BEIJING • Enterprising Internet users in China fear the tools they use to tunnel through the country's "Great Firewall" may soon disappear, as Beijing tightens its grip on the Web.
Tens of millions of people are estimated to use virtual private networks (VPNs) to bypass Chinese restrictions - getting access to blocked websites such as Facebook and Twitter.
Beijing has for years turned a blind eye to these holes in its Great Firewall, but recent events suggest the virtual tunnels may soon be bricked up.
In January, China's Ministry of Industry and Information Technology announced it would be banning the use of unlicensed providers of the services.
In the months since the announcement, rumours have swirled that a crackdown was coming, but there was little clarity on what exactly the rule meant and how, or even if, it would be implemented.
In the past few weeks, however, omens of significant tightening seem to be everywhere.
Several luxury hotels in Beijing have said they will stop using the tools, which once provided unfiltered Internet as a convenience to their customers.
On Thursday, a cloud service provider in the capital notified users that it would practise shutting down and reporting VPN providers on the orders of Beijing's public security bureau.
Tech giants Apple and Amazon, too, have moved to limit their customers' access to the tools in China, in what has been seen as a voluntary move to get ahead of the impending crackdown.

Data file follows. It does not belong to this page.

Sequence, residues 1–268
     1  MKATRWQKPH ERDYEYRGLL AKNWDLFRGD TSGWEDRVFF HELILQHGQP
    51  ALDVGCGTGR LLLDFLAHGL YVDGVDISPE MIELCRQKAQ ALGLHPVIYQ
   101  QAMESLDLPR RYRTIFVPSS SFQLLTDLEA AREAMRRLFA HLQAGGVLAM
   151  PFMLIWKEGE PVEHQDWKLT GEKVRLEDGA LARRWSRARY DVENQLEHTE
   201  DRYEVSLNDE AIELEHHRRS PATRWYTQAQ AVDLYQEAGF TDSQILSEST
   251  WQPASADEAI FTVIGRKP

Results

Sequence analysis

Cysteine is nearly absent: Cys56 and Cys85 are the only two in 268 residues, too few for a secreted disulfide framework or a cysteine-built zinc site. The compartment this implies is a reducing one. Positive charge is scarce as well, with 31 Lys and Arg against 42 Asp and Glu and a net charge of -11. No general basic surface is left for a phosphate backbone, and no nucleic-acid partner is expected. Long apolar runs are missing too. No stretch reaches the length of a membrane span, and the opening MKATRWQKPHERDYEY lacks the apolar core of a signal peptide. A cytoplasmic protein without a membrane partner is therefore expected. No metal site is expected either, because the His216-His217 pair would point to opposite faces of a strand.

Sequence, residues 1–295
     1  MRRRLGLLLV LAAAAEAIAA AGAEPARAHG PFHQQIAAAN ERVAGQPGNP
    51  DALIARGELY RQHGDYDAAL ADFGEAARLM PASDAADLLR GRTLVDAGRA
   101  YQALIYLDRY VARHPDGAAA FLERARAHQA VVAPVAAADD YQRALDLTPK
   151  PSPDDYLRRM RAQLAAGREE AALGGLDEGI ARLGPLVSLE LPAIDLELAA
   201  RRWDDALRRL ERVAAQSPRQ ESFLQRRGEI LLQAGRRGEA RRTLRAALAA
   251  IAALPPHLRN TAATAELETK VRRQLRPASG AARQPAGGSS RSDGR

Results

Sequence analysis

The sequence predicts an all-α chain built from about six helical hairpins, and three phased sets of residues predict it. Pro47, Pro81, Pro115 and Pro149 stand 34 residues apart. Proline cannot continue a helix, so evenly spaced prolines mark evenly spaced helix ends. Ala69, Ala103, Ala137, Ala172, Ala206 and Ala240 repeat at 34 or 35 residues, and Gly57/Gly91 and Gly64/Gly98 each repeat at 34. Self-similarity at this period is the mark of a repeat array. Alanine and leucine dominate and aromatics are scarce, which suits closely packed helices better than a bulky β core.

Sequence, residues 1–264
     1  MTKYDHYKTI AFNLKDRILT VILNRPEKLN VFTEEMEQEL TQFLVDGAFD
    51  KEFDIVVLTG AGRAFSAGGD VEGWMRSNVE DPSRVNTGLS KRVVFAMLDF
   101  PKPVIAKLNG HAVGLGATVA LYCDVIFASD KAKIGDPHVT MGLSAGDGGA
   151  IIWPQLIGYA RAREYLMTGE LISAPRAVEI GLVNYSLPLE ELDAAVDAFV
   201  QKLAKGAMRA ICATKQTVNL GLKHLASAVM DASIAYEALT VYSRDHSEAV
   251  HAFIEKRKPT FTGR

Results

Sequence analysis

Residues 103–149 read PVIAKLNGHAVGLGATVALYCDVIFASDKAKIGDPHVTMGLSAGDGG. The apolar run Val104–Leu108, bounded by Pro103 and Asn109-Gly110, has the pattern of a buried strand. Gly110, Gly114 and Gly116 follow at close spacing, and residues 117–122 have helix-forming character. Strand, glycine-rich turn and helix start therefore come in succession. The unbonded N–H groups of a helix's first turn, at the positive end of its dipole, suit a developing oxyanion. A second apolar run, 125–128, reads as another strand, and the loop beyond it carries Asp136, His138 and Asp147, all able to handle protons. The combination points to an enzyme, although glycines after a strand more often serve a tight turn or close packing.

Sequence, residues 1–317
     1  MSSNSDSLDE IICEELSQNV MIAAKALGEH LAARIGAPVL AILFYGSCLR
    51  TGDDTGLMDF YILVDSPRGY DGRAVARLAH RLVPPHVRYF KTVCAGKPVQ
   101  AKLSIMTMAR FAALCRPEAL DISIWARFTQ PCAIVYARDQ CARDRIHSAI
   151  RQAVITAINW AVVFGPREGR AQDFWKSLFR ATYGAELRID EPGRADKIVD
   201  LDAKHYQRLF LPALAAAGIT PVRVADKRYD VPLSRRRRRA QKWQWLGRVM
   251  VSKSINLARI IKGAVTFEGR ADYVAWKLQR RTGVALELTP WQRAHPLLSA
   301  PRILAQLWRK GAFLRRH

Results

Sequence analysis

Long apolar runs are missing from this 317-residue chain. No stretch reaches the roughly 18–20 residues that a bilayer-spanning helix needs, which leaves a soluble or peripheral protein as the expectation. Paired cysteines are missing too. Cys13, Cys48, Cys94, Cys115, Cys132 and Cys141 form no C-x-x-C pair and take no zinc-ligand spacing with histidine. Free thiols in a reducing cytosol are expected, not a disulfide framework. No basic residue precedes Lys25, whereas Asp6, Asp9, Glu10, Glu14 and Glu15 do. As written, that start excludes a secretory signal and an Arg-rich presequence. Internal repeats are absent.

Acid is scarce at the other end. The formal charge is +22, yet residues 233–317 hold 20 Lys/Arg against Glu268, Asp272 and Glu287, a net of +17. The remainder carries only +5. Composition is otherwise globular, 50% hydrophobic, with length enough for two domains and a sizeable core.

Apple said it was removing a number of the applications from its app store, while Amazon's Chinese partner said customers would no longer be allowed to use "illegal" VPNs on its cloud service.
"There have been many rounds of government murmurings about VPN crackdowns, and foreign and Chinese businesses had grown used to only minor or temporary restrictions," said Mr Graham Webster, a senior research scholar at Yale Law School.
But this time it "appears (to be) different", he added.
For now, however, it still remains unclear who will be able to access VPNs and under what circumstances, a situation that has left both companies and regular users on tenterhooks.
Firms are casting around for information about the developments and have expressed alarm at the potential impact on the way they do business.
In a statement, the European Chamber of Commerce told Agence France-Presse it "has not seen any updated official document concerning restrictions on VPN use by companies", adding that in a recent survey of its members almost half expressed concern that the "continued strengthening of measures to tighten Internet control and access is having an even bigger negative impact on their companies".
"Our members' success depends on instantaneous access to information worldwide, and the ability to freely communicate with affiliates, suppliers and customers around the world," Mr William Zarit, chairman of the American Chamber of Commerce in China, said in a statement.
"Recent regulatory developments, including limiting VPN use, have created uncertainty for cross-border data communication," he said.
Analysts said Beijing was likely not looking to choke off VPNs completely, but was instead seeking to control them more tightly.
Mr James Gong, an expert on Chinese cyber law at Herbert Smith Freehills, said the regulations are not targeted at companies. The government can "shut things down, but that's not their purpose", he said.
Instead, "they want to drive all the traffic through the network operators so all of the connections will be transparent to them".
"It's highly unlikely that all VPN access would be eliminated," Yale's Mr Webster said, but added that the software might be increasingly "expensive and government-controlled" in the future.